Chinatown’s expansion may merely serve as a bridge between cultures—or be its salvation.
“If we were sitting here 10 years ago, most people would say they didn’t want to live on this side of Vine Street,” says Chin.
The majority of the neighborhood’s 4,000 residents lived within a few blocks of 913 Race Street, the site of the first Chinese business in Philadelphia, a laundry that opened in 1870.
The neighborhood grew quickly after the laundry opened, with around 700 Chinese residents by 1890. The area remained gritty well into the 1970s—home to the red light district, flophouses and bars on nearly every corner.
“In spite of all this,” Chin says, “Chinese immigrants were able to raise families here.”
Plans to head north began in the 1990s. In 1997, PCDC built a 51-unit housing complex at Ninth and Callowhill streets, the site of the proposed federal prison. In 2004, the Delaware Valley Regional Planning Commission formalized the neighborhood’s need to go north, championing 10th Street as the connector from old to new.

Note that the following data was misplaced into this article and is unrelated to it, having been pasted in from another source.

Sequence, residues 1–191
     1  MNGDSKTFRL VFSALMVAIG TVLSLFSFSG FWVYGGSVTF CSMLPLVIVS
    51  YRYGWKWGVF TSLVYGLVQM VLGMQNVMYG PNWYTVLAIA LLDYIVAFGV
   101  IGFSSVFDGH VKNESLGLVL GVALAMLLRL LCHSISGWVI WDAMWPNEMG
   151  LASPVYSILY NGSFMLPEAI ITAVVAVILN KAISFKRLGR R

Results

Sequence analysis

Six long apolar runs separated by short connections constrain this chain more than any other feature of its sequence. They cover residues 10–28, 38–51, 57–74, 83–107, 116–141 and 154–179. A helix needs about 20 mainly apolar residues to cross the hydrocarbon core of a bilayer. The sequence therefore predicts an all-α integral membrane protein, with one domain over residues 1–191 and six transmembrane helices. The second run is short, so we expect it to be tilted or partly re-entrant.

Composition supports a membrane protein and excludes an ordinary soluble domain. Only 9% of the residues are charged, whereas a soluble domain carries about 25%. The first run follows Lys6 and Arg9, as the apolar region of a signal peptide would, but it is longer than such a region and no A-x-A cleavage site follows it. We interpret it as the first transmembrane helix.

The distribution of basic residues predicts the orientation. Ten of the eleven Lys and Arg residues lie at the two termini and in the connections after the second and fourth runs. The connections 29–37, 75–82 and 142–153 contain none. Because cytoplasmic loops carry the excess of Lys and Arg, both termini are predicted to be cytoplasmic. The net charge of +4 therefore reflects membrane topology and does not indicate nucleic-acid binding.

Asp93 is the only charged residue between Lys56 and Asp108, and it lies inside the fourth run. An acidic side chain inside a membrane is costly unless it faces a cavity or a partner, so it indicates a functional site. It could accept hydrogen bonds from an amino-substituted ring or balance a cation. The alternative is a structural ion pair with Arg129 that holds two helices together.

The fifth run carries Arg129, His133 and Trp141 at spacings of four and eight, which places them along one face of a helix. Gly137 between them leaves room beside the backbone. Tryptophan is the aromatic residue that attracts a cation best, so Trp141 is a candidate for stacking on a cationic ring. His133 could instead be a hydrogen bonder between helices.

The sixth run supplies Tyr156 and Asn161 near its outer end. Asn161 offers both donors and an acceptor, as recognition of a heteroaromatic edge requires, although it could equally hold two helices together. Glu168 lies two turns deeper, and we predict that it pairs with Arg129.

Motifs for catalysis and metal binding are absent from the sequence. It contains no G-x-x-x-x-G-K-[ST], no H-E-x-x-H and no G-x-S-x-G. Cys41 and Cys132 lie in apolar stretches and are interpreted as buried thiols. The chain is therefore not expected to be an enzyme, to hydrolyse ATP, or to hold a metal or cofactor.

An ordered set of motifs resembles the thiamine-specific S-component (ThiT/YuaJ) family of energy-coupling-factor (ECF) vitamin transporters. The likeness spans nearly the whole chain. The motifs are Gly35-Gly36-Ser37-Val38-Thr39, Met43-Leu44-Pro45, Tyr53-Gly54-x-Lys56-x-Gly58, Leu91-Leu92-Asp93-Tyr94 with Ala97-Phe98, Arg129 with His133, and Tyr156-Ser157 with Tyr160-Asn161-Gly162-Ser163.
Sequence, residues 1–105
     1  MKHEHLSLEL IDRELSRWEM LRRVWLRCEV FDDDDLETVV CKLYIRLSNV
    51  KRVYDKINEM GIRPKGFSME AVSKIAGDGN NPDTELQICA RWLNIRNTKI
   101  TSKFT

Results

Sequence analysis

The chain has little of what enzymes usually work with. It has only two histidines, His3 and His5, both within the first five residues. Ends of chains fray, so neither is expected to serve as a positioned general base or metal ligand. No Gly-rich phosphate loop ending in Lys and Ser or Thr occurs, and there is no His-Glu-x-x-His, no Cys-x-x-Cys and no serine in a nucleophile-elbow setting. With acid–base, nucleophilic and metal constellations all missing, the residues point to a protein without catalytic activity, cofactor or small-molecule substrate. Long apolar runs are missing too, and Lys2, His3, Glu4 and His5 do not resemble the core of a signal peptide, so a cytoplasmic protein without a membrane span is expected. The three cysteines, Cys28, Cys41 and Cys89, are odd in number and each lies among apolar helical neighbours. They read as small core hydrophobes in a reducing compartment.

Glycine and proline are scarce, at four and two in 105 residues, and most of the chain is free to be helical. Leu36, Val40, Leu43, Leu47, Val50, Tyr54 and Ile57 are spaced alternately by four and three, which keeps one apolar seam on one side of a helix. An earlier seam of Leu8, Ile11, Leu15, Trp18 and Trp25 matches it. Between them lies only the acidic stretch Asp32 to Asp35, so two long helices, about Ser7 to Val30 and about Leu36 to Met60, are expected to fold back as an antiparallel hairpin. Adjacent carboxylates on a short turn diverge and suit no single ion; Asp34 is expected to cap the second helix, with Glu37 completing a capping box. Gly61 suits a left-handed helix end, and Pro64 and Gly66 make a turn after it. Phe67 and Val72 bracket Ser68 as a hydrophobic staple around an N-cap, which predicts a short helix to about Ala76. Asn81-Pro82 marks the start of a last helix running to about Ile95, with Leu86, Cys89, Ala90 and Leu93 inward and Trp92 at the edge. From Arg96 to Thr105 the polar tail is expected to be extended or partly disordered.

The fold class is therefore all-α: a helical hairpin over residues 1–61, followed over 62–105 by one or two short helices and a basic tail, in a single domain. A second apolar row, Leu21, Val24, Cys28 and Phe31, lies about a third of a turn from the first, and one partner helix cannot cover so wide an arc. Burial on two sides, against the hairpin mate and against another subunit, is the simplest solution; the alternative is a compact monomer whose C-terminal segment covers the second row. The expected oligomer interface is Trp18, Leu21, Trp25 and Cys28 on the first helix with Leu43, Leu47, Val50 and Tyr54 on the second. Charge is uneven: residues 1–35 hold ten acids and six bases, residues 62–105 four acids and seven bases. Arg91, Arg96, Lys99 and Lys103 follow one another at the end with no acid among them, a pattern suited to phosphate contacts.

Already, Chinatown North has doubled in population to more than 1,000 residents, says Chin. But this is just the beginning.
“You can see there’s no more room to expand on the other side [of Vine Street],” says Eugene Luong, the property manager at Lucky Gardens, a brand new residential/retail complex on 12th and Buttonwood streets. “Sooner or later, this is the only way to go.”
“We think we can be an anchor for the redevelopment of Chinatown North,” says Isa of AAI.”
The organization has dreams of purchasing their new home in a 24,000-square-foot building. They’ll rent out space to smaller arts organizations to replicate the communal feel they had at the Gilbert Building.
Unfortunately, their option to buy for $2.5 million expires in September and AAI doesn’t know if they’ll be able to find the money.
“I hope we can make this happen,” Isa says. “Because we can be that bridge between cultures, and the bridge between Chinatown proper and the new area.” ■